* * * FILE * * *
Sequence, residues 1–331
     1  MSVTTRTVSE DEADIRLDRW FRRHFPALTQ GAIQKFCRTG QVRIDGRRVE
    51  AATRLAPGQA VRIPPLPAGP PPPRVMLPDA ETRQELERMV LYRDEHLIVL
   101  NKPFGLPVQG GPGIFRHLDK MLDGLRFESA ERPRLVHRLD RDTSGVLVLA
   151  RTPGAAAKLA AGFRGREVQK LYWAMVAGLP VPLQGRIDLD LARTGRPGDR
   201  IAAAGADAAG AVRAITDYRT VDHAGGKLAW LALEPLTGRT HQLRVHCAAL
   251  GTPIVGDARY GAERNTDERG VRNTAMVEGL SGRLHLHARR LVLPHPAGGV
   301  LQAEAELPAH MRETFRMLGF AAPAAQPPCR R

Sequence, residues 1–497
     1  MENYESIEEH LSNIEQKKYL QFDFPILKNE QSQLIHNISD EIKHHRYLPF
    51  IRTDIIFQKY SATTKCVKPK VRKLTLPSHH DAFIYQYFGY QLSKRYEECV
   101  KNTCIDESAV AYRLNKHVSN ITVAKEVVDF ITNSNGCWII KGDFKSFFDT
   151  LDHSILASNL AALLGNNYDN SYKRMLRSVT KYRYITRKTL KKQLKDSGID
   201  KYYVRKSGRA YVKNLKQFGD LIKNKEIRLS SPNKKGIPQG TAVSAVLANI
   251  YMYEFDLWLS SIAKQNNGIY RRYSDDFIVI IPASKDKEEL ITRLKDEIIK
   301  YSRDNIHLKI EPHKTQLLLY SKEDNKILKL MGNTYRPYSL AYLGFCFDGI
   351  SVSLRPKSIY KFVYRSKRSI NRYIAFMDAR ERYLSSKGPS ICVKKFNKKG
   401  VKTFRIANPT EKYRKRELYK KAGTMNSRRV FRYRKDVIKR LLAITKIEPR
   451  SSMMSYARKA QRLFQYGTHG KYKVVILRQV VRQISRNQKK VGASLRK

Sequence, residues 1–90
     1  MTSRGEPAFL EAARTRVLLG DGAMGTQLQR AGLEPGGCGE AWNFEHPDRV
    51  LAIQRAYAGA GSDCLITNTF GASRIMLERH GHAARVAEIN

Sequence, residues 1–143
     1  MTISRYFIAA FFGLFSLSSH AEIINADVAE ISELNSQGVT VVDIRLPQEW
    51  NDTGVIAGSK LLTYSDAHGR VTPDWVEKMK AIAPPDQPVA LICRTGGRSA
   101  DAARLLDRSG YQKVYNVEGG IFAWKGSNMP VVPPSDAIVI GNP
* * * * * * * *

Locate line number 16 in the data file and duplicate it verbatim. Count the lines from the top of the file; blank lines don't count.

   301  YSRDNIHLKI EPHKTQLLLY SKEDNKILKL MGNTYRPYSL AYLGFCFDGI